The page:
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Obama’s projection of deficits based on high growth rates

CBO’s forecasts less optimistic

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If President Obama's proposal to reduce the nation's deficit is to work, the economy is going to have to grow a lot faster than a lot of experts — including congressional scorekeepers — think is plausible.

Mr. Obama's $3.7 trillion budget blueprint assumes a sustained economic growth average of 3.8 percent over five years, with a high point of 4.4 percent real gross domestic product growth in 2013. By contrast, the Congressional Budget Office is projecting an average of 3.2 percent growth in that time span, including 3.1 percent in 2013 — more than a full percentage point lower than the administration's projection.

"We haven't had that kind of growth in several decades," Peter Morici, a professor at the University of Maryland's Robert H. Smith School of Business, said of the administration's forecasts. "These growth numbers are just ridiculous."

The White House's projected growth for 2011 starts out relatively low at 2.7 percent, lower than private forecasters who expect 3.2 percent growth this year. But starting next year, the administration predicts a faster rebound than the others, jumping to 3.6 percent in 2012 and rising to a peak of 4.4 percent in 2013, followed by 4.3 percent in 2014 and 3.8 percent in 2015.

The nonpartisan CBO likewise shows a rebound beginning at 2.7 percent in 2011, but growing at more modest levels. It forecasts 3.1 percent in both 2012 and 2013, followed by 3.5 percent in 2014 and 3.8 percent in 2015.

White House economist Austan Goolsbee last week acknowledged that the Office of Management and Budget's midterm forecast is "a bit faster" than the consensus. But he pointed out that the average five-year GDP growth coming out of a recession since World War II has been 4.2 percent, meaning that the OMB's five-year average of 3.8 percent growth is actually slower than the average recovery.

Nevertheless, the nation hasn't seen the kind of aggressive, sustained GDP growth coming out of a recession that the White House is predicting since 1982, when the economy grew on average 4.5 percent over five years. Growth rates for the two most recent recessions in 1991 and 2001 were considerably lower at 3.3 percent and 2.7 percent, respectively.

But Chad Stone, chief economist at the Center on Budget and Policy Priorities, said it doesn't make as much sense to compare the current recession with the two most recent episodes since they were not as deep, unlike the 1982 recession. Noting that both White House and congressional forecasters end up with the same level of growth, Mr. Stone said the disparity in the midterm years stems from different estimates of the economy's potential for growth as it returns to full employment.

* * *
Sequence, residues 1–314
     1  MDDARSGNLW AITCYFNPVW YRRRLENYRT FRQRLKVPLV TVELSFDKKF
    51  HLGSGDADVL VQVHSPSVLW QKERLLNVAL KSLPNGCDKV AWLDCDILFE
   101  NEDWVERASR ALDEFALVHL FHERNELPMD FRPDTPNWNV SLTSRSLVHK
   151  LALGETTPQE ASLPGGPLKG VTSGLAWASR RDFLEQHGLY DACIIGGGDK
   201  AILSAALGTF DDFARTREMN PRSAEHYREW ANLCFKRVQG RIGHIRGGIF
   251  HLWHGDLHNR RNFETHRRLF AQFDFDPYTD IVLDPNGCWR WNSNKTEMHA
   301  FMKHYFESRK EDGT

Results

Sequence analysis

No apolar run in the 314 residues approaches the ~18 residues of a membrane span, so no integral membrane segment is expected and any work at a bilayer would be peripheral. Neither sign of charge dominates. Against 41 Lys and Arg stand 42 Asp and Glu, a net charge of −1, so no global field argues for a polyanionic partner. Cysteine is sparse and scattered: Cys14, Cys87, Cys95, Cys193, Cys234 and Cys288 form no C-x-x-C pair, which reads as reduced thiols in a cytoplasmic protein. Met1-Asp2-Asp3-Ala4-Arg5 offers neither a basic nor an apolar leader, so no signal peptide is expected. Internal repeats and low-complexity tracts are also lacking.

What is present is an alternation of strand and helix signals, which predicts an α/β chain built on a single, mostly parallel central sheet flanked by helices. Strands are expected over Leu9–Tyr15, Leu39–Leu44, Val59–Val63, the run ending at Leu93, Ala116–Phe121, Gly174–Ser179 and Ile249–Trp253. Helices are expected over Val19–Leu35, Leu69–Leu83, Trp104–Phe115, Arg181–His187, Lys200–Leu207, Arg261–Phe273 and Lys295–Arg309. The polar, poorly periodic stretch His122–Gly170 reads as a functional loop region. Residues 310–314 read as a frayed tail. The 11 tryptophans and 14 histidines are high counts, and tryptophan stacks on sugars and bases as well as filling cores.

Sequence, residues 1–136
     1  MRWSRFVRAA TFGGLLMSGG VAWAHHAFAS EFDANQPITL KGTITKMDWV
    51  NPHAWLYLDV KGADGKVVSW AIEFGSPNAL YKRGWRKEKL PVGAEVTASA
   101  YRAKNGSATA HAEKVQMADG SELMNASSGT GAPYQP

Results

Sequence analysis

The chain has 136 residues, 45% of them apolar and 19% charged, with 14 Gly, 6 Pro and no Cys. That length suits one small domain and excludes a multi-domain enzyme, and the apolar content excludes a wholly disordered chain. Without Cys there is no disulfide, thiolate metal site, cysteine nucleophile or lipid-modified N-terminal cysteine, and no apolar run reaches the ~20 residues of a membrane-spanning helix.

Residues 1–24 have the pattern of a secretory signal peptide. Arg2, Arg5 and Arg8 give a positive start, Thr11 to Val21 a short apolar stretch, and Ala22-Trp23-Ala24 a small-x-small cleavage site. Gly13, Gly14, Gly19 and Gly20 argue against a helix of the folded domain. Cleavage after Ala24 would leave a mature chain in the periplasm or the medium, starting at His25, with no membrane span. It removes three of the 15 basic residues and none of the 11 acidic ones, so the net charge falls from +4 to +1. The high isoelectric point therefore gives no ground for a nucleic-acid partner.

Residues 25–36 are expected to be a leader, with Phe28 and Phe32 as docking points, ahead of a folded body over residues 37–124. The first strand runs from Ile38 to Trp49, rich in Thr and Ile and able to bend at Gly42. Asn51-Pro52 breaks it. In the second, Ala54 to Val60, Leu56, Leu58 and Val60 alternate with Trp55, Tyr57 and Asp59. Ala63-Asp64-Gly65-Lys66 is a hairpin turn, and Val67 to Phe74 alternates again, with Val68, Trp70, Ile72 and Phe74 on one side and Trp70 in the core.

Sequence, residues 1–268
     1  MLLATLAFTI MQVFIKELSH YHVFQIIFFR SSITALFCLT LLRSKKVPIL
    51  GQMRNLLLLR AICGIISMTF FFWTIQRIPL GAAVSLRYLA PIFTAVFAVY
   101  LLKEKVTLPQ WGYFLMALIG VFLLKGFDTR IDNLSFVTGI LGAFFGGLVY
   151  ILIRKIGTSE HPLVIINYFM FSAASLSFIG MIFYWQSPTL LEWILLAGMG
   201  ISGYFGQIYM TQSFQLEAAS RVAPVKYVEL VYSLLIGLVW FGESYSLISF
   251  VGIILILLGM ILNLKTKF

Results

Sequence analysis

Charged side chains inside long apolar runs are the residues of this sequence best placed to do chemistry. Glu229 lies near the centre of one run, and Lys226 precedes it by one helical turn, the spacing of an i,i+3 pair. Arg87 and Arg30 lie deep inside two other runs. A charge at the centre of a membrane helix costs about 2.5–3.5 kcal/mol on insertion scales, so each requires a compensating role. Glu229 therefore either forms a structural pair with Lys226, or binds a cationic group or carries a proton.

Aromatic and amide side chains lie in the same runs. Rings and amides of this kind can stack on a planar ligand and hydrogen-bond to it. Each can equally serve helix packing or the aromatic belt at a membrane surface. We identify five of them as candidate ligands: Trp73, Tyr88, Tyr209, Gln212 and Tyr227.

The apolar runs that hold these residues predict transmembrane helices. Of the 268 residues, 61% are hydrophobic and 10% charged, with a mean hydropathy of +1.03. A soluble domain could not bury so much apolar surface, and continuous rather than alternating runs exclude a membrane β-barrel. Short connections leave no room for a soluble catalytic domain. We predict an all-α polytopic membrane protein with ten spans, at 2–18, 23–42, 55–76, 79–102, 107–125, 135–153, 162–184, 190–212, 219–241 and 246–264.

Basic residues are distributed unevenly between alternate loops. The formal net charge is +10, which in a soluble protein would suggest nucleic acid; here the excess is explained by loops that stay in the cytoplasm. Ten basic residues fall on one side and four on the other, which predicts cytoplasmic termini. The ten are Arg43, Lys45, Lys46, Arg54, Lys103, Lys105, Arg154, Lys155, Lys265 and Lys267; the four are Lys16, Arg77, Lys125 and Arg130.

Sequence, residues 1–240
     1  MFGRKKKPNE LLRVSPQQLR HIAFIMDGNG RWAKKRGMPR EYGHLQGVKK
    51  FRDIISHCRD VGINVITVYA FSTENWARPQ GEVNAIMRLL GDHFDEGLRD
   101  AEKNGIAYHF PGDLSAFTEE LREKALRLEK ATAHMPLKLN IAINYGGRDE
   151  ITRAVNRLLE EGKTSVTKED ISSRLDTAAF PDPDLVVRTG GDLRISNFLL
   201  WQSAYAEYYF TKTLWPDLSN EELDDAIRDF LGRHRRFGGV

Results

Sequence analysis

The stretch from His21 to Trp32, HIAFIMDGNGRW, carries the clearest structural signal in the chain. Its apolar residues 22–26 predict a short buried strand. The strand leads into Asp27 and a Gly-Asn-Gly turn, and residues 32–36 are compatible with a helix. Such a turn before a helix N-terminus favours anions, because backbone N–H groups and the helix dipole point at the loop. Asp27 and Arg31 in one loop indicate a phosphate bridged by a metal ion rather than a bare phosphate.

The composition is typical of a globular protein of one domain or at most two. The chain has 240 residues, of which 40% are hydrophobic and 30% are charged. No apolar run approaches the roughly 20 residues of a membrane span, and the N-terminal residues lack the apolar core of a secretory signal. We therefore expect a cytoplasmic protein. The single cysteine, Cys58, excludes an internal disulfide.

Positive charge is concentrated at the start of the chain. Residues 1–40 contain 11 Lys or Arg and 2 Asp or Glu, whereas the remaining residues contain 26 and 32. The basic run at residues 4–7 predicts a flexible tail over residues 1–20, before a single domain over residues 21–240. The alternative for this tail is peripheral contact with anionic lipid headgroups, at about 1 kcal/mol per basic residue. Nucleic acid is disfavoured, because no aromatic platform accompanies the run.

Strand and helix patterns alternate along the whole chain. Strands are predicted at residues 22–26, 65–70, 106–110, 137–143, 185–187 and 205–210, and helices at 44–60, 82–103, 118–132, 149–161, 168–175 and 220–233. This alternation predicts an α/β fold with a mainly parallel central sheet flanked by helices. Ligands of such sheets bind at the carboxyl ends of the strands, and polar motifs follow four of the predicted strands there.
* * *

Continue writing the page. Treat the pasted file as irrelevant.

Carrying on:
"Each of these forecasts is reasonable. They do produce different outcomes, but it's hard to argue that one is clearly right in its assumptions and the other is clearly wrong in its assumptions," Mr. Stone said.

While the White House is betting that the recovery tracks past recoveries, CBO says this recession is unlike those past ones. CBO instead says it is tracking more like recoveries in other parts of the world after financial upheavals.

"The growth of output and, particularly, the growth of employment have been slower than during the average recovery since World War II. That subpar performance largely reflects the nature of the recession, which was triggered by a collapse in house prices and a subsequent financial crisis — events unlike anything this country has seen since the Great Depression," the CBO said in its annual Budget and Economic Outlook, released at the end of January.

Deviations in GDP growth rates could translate into billions of dollars in terms of impact on the deficit. Mr. Obama's budget proposal predicts that if the plan is enacted and if growth follows as expected, the nation will shave $1.1 trillion off its deficit over the next decade.

If the White House is off in its economic assumptions, however, that could mean higher deficits. For example, under the CBO's projections, the deficit is $1.5 trillion higher than in Mr. Obama's budget, according to an analysis by the Committee for a Responsible Federal Budget.

Brian Riedl, budget analyst at the Heritage Foundation, said using optimistic economic assumptions is just one of the ways the Obama budget looks rosy. He said the administration also counts on new taxes to finance transportation and assumes spending cuts for Medicare payments and waste, fraud and abuse, but never gives details.

Congress is required to use CBO's calculations when it writes its own budget, and CBO's projections will look a lot more grim than Mr. Obama's — to the tune of more than $2 trillion in extra deficits.

"When CBO estimates the president's budget, they're likely to show substantially larger budget deficits, not only because of the economic assumptions, but also because the president's included multiple gimmicks the CBO will not incorporate into their budget," Mr. Riedl said.

• Stephen Dinan contributed to this article.

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About the Author
Kara Rowland

Kara Rowland

Kara Rowland, White House reporter for The Washington Times, is a D.C.-area native. She graduated from the University of Virginia, where she studied American government and spent nearly all her waking hours working as managing editor of the Cavalier Daily, UVa.’s student newspaper.

Her interest in political reporting was piqued by an internship at Roll Call the summer before her ...

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